• While measures put in place by national and county governments are commendable, more still needs to be done to prepare the country to deal with the disease.
• Trends in countries across the world indicate that following the announcement of the first case, more cases are soon reported in the following one to two weeks
Article 43 (1) (a) of the Constitution provides that “Every person has the right to the highest attainable standard of health, which includes the right to health care services, including reproductive health care”.
A right is an entitlement. Therefore, every Kenyan is entitled to receive medical attention of the highest standard and the State has the duty to ensure all Kenyans have access to adequate health services irrespective of their social, political or economic status.
In the last few months, Kenyans have heard about the coronavirus disease of 2019 otherwise shortly referred to as Covid-19. We saw how the disease spread across the world, infecting so far over 100,000 people and causing over 6,000 deaths worldwide.
All along, we have been praying and wishing that it never gets to Africa and Kenya specifically but through the transport sector, specifically airports, Covid-19 was officially tested and confirmed to have reached Kenya on March 12.
According to Health Cabinet Secretary Mutahi Kagwe, a 27-year-old Kenyan woman who travelled to Kenya from the US via London and arrived on March 5 was the first one to be diagnosed with the virus. Two days later, the President announced two more cases. He further announced mitigation measures, which included the closure of all educational institutions, civil servants to work remotely from the safety of their homes and encouraged Kenyans to restrict their movements and practice social distancing. Kagwe announced three more on Wednesday.
What followed is counties across the country setting up emergency health services to combat Covid-19. In Mombasa, for example, Governor Hassan Joho unveiled an isolation centre at the Coast General Hospital with 19 beds to cater for any potential cases. All public beaches and entertainment joints were also ordered closed. In Bungoma, the county announced measures to support immediate burials. In Tharaka Nithi, the county government set up quarantine centres in Chogoria, Marima and Chuka referral hospitals.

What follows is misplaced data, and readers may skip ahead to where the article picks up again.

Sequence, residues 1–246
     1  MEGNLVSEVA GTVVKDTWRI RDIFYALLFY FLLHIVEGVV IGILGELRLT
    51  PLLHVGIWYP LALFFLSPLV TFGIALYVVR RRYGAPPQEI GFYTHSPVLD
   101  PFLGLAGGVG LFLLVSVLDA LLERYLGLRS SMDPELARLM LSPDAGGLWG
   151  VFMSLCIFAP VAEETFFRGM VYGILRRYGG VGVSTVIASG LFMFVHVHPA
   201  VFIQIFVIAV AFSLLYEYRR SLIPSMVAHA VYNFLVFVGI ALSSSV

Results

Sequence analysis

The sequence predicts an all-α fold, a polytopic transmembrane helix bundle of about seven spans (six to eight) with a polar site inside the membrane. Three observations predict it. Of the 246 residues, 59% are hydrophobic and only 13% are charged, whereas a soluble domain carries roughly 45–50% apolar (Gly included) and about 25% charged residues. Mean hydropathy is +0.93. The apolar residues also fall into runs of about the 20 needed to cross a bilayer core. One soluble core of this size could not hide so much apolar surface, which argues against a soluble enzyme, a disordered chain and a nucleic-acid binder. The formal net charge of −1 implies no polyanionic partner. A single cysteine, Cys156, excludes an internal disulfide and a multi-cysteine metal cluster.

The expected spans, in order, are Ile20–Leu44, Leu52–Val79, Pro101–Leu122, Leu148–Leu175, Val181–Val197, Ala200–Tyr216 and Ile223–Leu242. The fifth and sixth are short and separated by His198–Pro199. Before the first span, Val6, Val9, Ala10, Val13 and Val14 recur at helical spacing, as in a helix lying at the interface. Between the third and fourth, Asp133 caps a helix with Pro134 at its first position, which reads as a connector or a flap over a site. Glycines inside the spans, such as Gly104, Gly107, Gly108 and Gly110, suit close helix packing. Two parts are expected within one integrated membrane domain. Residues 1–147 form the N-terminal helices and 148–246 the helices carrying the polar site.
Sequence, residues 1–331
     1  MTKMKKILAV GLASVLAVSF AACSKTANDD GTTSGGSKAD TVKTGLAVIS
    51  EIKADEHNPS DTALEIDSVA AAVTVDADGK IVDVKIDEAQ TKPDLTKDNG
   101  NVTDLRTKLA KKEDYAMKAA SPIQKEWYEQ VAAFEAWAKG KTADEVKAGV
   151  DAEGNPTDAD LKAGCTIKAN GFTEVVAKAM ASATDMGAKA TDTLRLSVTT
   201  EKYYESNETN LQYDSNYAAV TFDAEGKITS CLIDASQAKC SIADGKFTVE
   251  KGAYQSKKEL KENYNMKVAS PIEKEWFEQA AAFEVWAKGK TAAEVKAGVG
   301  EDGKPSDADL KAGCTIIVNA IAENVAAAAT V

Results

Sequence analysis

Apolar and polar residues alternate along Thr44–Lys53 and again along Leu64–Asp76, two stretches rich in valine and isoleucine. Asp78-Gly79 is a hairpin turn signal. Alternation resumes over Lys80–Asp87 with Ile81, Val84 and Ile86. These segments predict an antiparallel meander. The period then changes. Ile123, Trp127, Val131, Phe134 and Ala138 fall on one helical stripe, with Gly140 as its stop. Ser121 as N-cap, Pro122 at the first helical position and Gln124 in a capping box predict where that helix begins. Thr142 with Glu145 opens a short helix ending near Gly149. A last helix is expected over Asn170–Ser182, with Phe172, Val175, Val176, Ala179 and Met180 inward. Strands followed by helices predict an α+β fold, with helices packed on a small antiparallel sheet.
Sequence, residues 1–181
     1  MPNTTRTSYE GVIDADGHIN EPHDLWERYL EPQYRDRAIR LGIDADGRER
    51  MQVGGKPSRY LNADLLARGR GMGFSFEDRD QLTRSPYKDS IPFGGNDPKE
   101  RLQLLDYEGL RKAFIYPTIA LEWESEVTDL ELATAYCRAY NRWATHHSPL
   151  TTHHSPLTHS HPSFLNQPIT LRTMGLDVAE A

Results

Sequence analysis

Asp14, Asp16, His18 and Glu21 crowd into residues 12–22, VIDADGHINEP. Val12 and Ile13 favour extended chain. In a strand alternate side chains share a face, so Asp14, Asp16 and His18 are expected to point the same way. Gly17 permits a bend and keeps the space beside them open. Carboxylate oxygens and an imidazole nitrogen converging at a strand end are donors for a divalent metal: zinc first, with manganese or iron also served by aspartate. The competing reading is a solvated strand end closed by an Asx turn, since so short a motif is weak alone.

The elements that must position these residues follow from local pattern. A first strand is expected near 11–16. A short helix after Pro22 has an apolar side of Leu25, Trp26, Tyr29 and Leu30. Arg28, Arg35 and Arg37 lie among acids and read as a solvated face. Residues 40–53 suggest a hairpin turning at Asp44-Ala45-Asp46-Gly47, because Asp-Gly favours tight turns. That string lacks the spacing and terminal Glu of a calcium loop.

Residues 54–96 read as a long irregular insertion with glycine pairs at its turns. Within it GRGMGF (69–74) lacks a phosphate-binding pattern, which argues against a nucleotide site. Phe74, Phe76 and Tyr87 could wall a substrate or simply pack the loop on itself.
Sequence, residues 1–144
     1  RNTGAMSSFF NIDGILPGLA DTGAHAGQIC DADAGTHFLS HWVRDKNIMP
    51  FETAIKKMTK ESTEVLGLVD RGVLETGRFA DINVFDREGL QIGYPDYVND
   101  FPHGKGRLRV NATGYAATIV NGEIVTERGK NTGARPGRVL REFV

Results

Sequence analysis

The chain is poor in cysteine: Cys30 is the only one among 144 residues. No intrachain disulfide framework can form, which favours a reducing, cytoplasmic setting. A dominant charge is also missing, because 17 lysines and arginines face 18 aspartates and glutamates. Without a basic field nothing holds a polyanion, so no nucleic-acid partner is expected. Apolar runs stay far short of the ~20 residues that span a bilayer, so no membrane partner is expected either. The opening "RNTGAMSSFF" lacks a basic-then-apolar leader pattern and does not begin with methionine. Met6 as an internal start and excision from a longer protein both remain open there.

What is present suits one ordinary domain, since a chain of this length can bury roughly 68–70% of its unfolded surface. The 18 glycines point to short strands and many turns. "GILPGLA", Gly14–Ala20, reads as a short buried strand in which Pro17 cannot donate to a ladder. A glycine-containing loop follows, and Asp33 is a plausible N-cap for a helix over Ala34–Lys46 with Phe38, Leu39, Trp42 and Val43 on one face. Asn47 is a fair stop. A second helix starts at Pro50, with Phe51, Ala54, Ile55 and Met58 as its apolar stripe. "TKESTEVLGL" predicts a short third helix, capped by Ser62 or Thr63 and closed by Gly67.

However, while the above measures put in place by national and county governments are commendable, more still needs to be done to prepare the country to deal with the disease. Trends in countries across the world indicate that following the announcement of the first case, more cases are soon reported in the following one to two weeks. While it is the hope of Kenyans all over that the spread will not be wide, it is always best to plan for the worst as we hope for the best. Governments should, therefore, up their game and double their efforts.
The national government should immediately announce minimum standards to be met by all counties. This should include more quarantine and isolation centres with at least 50-bed occupancy to cater for emerging cases. In China, a completely new hospital was put up in just a few days to deal with Covid-19 and it was instrumental in containing the disease. While the same may not be possible in Kenya, we should at least take measures to convert some of our health centres in the counties to cater for Covid-19.
As we prepare health centres to receive patients, it is more important to educate the masses on how best to avoid the disease. It is unfortunate that so far, many Kenyans do not take the coronavirus threat seriously and are casually going about their business as usual. Efforts must be made to inform the public that while indeed we understand the need to put food on the table at the end of the day, it is better to consider that if we do not take caution now, we may not be there in the coming days to even look for that food.
Kenya has overcome many threats in the past, which have made us stronger. Natural calamities, terror attacks, and even other medical epidemics. Without a doubt, we will overcome Covid-19. However, we should not make it difficult for ourselves.
The national and county governments must better prepare our health facilities while citizens should practice social distancing and cleanliness in our homes and communities.
Covid-19 is real and we must all work together to conquer it.